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All individuals and organizations intending to conduct weather modification activities are required to obtain a weather modification license and permit from the TDLR. Read More
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News and Updates
Notice of Intent to Review Rules
September 16, 2022
The Texas Department of Licensing and Regulation (Department) is reviewing the Weather Modification program rules located at Title 16, Texas Administrative Code, Chapter 79 for re-adoption, revision, or repeal. This rule review is required every four years.
The Notice of Intent to Review was published in the Texas Register on September 2, 2022 (47 TexReg 5344), as part of a combined notice with several other rule chapters undergoing simultaneous review. The Department will determine whether the reasons for adopting or readopting these rules continue to exist by answering the following questions for each rule:
- Is it obsolete?
- Does it reflect current legal and policy considerations?
- Is it in alignment with the current procedures of the Department?
The Department encourages anyone interested in the Weather Modification program under Chapter 79 to review the Notice of Intent to Review online and the current chapter rules posted on the Department’s website.
Comments may be submitted electronically on the Department’s website at https://ga.tdlr.texas.gov:1443/form/gcerules (select the appropriate chapter name for your comment).
Comments received prior to October 17, 2022, may be considered by the Department.
Advisory Committee Meetings
July 7, 2022
The Weather Modification Advisory Committee met July 7, 2022 via videoconference. The meeting was archived and is available on TDLR's YouTube channel. The agenda and staff reports are available online.
About Weather Modification
Weather Modification - Weather Modification – Focused efforts to produce additional rainfall using cloud seeding are widespread in much of West and South Texas during the growing season, which extends from early spring until autumn each year. In fact, areas where cloud seeding is concentrated covers about one-sixth of the land area of Texas. The seeding is done primarily for rainfall enhancement using aircraft and sophisticated weather radar data. Decisions to deploy aircraft and disperse seeding materials (both silver iodide and salts) are made by trained meteorologists licensed by TDLR specifically for weather modification. Aircraft are based at airports in various locations within the “target” areas of these projects, i.e. where the impact of seeding (more rainfall from thunderstorms) is intended.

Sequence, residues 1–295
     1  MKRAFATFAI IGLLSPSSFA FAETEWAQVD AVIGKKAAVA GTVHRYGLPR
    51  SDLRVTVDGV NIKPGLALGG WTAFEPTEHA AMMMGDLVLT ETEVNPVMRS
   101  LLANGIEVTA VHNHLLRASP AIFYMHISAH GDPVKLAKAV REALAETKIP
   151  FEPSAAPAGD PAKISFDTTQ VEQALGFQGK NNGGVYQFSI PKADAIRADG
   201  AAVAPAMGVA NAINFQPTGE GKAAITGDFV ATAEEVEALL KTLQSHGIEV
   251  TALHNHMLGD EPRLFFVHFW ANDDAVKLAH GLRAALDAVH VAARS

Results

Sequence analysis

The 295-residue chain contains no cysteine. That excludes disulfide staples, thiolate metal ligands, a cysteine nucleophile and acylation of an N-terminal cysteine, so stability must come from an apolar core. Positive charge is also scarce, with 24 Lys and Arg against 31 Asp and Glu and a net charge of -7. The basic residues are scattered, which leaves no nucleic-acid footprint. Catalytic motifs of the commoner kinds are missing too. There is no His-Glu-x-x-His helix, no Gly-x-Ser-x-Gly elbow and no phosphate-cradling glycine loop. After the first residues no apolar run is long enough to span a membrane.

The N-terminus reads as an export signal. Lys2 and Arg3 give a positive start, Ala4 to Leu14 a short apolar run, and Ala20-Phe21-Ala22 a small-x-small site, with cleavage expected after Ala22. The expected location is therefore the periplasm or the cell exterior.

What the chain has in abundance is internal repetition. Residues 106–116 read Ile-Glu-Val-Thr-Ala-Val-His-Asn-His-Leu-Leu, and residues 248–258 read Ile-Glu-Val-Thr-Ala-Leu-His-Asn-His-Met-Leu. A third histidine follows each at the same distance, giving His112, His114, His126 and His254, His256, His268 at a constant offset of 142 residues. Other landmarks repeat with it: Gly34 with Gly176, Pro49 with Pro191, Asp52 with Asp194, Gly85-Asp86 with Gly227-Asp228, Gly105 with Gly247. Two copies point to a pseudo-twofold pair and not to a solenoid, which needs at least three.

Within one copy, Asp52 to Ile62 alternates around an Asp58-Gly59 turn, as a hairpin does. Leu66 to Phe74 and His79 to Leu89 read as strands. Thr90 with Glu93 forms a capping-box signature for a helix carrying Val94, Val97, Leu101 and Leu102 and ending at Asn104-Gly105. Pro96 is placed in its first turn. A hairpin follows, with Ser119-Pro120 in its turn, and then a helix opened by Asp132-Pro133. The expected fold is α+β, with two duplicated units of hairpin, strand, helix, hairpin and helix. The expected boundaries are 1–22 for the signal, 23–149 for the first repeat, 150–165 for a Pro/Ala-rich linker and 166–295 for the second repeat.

TDLR’s weather modification program issues licenses and permits for these projects, almost all of which have been in operation for 20 years or longer. The licenses attest to the credentials and experience of the meteorologists who direct the seeding operations, while the permits pertain to specific regions where seeding is intended and where aircraft may operate. A licensee may conduct more than one project, each of which requires that a specific permit be issued before seeding can begin. The aim of regulating weather modification in Texas is to ensure that various methods of modifying the weather do not dissipate clouds nor inhibit their ability to produce rainfall to the detriment of people or property in the affected areas.
TDLR’s program also assists individuals, organizations and governmental bodies in the design of cloud-seeding operations, as well as monitoring ongoing seeding activities to ensure compliance with permits and helping to evaluate the impact of the seeding on “target” and neighborhood areas. It also administers federal grants for exploratory, and confirmatory, cloud-seeding studies and shares information on technological advances with other State agencies, organizations, and interested individuals.
Weather Modification Regulation
All individuals and organizations intending to conduct weather modification activities are required to obtain a weather modification license and permit from TDLR. Contact Adam Foster at (512) 202-8167 or email@example.com for assistance with the licensing and permitting of weather modification operations.
The Department relies on its staff, as well as the Weather Modification Advisory Committee, for recommendations on applications for weather modification licenses and permits. The Committee, consisting of an engineer, people in business, an attorney at law, and an agricultural producer, meets several times each year, usually in Austin, to review applications for licenses and permits.
For more information about the weather modification program, e-mail TDLR at firstname.lastname@example.org.